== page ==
Friday, August 23, 2019

Thoughts on Dehaene's Consciousness & the Brain: Nice overview of the higher functions of the brain, Describing measurement approaches & theories of consciousness

Consciousness and the Brain by Stanislas Dehaene is a great introduction for anyone interested in learning about key ideas in neuroscience. Consciousness is a fascinating natural phenomenon, although it is not yet completely understood. Dehaene provides a solid overview of the many disparate fields that probe this concept.

On a psychological level, Dehaene talks about specific phenomena, such as subliminal priming and the Wheatstone stereoscope related to binocular perception, and how they give clues into the conscious mind. He also underscores the importance of subliminal thinking for much of what we do. In terms of brain physiology, Dehaene describes the different areas of the brain and the importance of the prefrontal cortex and the large pyramidal neurons it has in maintaining conscious thought.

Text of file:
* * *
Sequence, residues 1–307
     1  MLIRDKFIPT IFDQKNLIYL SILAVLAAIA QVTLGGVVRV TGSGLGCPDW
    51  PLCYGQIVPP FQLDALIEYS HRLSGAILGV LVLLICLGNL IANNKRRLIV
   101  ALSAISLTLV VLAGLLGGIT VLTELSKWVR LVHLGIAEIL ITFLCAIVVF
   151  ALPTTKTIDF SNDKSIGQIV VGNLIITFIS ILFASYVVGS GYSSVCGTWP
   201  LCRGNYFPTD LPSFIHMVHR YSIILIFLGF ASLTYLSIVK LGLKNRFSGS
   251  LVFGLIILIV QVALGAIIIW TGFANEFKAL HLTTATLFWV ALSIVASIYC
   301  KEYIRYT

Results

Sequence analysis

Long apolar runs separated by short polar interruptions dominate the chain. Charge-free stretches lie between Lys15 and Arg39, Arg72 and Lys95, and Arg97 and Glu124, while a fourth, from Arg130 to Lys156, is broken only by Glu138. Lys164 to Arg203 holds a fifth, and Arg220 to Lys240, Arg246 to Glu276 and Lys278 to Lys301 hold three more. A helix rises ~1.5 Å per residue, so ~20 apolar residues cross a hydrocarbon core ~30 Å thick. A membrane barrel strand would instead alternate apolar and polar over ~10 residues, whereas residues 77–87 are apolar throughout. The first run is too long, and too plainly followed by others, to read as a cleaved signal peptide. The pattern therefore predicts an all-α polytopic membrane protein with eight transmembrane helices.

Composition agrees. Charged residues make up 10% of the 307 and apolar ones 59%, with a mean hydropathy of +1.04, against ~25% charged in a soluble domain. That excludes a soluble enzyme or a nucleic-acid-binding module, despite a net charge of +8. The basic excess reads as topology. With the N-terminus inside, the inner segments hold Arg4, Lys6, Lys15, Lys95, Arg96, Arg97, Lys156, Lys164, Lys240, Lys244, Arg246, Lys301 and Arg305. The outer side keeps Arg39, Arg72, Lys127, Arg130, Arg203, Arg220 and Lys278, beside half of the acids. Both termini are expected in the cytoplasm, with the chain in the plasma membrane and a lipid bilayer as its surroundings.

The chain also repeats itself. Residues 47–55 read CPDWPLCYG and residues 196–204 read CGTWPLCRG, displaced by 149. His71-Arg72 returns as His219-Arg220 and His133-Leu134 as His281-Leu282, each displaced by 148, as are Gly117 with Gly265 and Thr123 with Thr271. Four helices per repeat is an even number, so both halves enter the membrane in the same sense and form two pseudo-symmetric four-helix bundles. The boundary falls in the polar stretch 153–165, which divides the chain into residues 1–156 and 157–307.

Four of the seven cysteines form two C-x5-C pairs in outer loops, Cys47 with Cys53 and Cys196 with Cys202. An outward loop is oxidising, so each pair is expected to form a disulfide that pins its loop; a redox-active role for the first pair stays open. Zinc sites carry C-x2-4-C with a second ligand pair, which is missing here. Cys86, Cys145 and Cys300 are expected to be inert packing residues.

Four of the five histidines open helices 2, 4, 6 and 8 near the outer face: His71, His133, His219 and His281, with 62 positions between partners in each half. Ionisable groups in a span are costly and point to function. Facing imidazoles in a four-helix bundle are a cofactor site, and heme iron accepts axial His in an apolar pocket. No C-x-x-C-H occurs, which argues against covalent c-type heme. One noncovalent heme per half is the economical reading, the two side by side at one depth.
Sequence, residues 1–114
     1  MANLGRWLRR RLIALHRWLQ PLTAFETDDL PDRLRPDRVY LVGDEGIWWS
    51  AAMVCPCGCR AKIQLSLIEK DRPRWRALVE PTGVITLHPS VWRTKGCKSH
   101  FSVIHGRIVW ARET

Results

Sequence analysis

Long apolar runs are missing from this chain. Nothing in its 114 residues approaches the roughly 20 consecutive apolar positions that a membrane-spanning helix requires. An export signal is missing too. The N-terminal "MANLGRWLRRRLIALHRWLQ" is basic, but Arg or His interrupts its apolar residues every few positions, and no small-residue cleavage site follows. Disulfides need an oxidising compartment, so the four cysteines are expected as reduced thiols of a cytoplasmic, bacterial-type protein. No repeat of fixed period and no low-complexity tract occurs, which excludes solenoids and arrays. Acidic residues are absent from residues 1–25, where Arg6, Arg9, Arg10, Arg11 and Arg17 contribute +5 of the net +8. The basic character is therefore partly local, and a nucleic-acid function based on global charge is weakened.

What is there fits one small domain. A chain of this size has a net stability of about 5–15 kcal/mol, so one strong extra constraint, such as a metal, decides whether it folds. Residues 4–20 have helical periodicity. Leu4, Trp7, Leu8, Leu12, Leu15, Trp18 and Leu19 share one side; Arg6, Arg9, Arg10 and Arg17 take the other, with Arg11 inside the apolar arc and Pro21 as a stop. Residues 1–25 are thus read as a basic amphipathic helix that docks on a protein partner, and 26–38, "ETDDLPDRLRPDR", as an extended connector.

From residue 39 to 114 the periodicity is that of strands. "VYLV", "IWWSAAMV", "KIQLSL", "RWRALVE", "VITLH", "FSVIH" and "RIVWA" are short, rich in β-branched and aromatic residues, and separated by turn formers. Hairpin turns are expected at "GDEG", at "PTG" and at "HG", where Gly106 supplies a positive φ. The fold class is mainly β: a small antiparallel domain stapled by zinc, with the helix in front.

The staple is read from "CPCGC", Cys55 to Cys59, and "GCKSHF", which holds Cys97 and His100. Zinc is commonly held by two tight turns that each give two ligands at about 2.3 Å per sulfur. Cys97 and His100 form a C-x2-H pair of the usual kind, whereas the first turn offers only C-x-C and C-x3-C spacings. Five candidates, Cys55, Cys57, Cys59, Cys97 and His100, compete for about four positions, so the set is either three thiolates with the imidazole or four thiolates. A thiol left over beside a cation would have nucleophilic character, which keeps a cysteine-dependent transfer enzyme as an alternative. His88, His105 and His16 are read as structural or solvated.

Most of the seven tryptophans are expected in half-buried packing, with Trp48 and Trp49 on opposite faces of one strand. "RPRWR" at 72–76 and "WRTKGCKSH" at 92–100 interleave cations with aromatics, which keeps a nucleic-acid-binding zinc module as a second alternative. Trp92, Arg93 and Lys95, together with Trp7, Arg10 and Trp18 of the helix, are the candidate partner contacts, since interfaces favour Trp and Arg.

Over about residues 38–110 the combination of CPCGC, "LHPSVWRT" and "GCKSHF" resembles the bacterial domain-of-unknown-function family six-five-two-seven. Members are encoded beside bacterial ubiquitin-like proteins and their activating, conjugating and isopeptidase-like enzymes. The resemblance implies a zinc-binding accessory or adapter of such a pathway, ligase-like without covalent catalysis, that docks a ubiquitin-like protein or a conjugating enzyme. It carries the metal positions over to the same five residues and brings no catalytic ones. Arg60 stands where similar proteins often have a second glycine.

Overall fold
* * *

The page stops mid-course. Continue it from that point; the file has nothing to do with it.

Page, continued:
On a more basic chemical and physical level, Dehaene describes many of the techniques that scientists use to learn about the brain, such as EEG and fMRI. He touches upon some of the key underlying phenomena such as the P300 wave, thought to be a signal of consciousness. Dehaene also describes a number of grand, but speculative, theories of consciousness. For example, he discusses the workspace theory of the mind, as well as an “applause” concept that posits that conscious ideas are amplified and step above all the other things on one's mind.

Overall, I found this an excellent read for someone wanting to learn about the mind, and I would recommend it heartily.

Consciousness and the Brain: Deciphering How the Brain Codes Our Thoughts
Stanislas Dehaene: 9780670025435: Books